## Basic Definitions and Terminology

Sound waves in air can be described in terms of the cyclic variation in pressure, in particle velocity, or in particle displacement; for a complete description, frequency and wave-form data are also required.

Sound pressure is the cyclic variation superimposed upon the steady or atmospheric pressure; usually it is the RMS value. An RMS value is determined by taking the square root of the arithmetic mean of the instantaneous values over one complete cycle for a sine wave, or for as many cycles of a nonsinusoidal wave form as are necessary for a reliable sample. The units of sound pressure are force per unit area—dynes per square centimeter or newtons per square meter. Particle displacement is in cen timeters. Most sound pressures are given in RMS values, and most sound level meters display RMS values.

To describe the range of sound pressures in a logarithmic scale is convenient, the unit of SPL is the dB, described by

where P is measured sound pressure, and Pref is the reference pressure ordinarily used. The customary reference pressure is 0.0002 dynes/cm2, or 0.0002 / bars. (One standard atmosphere is equal to 1,013,250 microbars, so 1 microbar is nearly 1 dyne/cm2. The reference level should always be stated when sound pressure levels are given, as dB re 0.0002 dynes/cm2.)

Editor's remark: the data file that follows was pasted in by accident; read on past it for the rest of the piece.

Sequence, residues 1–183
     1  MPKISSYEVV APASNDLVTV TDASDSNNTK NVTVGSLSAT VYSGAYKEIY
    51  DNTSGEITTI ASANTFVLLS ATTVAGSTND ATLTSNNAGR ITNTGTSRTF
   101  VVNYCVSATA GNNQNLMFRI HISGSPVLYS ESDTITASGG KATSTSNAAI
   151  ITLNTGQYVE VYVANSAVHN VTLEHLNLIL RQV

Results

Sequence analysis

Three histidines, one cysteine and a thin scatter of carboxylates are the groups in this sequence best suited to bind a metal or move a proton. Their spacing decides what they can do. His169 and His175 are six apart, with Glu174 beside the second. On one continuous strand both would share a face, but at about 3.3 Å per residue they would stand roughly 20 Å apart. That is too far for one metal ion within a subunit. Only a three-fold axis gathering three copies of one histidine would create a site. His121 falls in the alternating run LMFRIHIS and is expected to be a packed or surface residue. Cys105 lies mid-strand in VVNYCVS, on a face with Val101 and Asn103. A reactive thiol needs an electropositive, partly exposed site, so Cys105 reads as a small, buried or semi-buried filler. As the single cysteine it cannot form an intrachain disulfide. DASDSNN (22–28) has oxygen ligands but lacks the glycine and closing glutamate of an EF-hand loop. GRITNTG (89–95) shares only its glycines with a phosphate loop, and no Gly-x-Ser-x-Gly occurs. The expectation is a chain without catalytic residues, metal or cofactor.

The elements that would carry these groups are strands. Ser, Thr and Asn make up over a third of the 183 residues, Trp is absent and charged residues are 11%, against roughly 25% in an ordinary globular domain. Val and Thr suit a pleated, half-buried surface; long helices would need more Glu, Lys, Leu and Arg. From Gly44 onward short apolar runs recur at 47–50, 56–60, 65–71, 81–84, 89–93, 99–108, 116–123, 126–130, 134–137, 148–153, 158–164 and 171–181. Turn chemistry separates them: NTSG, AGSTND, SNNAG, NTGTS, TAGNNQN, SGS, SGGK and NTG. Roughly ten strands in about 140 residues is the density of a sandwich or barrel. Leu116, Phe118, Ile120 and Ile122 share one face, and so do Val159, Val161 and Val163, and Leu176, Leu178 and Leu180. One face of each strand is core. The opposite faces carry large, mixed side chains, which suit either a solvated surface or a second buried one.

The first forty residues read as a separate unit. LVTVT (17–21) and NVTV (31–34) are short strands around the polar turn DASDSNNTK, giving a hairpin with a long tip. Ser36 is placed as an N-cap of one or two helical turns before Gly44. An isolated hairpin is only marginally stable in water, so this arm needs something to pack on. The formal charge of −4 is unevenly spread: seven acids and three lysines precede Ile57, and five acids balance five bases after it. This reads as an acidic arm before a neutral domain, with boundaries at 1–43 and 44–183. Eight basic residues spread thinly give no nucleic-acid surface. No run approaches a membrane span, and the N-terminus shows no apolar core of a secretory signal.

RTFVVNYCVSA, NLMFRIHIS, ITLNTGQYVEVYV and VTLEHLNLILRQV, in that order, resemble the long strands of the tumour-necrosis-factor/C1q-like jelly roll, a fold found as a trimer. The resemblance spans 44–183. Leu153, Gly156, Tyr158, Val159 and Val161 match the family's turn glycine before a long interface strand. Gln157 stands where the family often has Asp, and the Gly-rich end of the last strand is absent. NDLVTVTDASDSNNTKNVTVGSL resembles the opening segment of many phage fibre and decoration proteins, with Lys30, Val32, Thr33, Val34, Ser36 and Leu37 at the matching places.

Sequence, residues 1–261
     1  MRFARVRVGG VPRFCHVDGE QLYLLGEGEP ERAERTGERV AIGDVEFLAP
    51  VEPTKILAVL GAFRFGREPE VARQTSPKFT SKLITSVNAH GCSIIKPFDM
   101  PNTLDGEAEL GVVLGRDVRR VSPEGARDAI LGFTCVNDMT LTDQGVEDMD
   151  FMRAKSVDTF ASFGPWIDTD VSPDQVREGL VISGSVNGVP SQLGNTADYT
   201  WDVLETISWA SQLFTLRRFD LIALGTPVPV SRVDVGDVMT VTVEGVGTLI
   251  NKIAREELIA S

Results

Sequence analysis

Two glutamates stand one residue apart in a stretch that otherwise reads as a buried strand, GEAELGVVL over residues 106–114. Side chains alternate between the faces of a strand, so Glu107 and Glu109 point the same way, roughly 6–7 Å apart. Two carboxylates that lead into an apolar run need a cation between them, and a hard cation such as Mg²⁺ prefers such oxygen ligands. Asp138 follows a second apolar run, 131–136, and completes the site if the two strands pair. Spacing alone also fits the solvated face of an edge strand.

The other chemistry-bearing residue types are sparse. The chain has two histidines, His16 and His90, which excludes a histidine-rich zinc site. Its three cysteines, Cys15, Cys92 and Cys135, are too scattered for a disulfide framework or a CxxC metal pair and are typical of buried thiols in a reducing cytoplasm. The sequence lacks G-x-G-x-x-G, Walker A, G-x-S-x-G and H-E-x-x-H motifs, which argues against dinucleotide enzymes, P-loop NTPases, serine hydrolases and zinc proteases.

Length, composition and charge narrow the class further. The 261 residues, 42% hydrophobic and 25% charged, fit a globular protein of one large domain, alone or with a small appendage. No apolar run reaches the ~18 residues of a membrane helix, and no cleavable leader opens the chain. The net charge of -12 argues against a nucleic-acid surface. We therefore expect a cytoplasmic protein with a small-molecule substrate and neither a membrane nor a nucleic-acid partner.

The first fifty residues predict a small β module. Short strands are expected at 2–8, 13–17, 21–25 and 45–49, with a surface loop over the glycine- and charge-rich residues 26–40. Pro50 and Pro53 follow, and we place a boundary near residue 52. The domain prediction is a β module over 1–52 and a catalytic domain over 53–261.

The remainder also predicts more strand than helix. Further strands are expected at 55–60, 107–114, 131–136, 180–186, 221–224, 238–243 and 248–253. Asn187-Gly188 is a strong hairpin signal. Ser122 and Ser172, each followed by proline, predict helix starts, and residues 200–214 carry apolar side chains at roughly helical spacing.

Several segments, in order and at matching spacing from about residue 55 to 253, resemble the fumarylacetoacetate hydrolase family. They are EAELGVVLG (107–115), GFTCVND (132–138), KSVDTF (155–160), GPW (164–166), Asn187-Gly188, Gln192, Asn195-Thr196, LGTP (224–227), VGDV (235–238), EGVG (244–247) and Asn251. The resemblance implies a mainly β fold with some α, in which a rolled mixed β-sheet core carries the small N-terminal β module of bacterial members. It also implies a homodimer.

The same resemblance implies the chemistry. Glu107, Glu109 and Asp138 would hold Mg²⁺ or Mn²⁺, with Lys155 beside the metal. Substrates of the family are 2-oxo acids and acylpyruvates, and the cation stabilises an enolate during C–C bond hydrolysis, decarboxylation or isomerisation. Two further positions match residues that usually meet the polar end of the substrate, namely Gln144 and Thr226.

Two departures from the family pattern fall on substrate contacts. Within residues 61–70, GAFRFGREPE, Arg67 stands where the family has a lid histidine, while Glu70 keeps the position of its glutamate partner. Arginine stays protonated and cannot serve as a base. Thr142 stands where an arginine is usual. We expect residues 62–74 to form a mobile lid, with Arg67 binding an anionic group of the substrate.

Sound power—the acoustic power produced by a source—is described in watts. Again a logarithmic scale is used to accomodate the wide range involved, without inconveniently clumsy figures. The unit again is the dB. The PWL is expressed by

PWL = 10 log10 (W/Wref), or 10 log10 (W/10~12) dB 6.4(2)

where W is the acoustic power in watts, and Wref is the reference level which should always be stated; the reference level ordinarily used is 10~12 watt. Since the power ratio 10~12 can also be written as 120 dB, Equation 6.4(3) is convenient to write as:

Sound pressures and sound power values are physical magnitudes, expressed in physical terms. SPLs and PWLs are ratios (the ratio of a measured value to a reference value) expressed in logarithmic terms called dBs.

Other terms and quantities used in noise control work will be defined as they are used. Sound pressures and sound powers are basic. The ear responds to sound pressure waves, and nearly all sound magnitude measurements are in terms of sound pressure. Sound power determines the total noise produced by a machine and, thus, is important in machine design.

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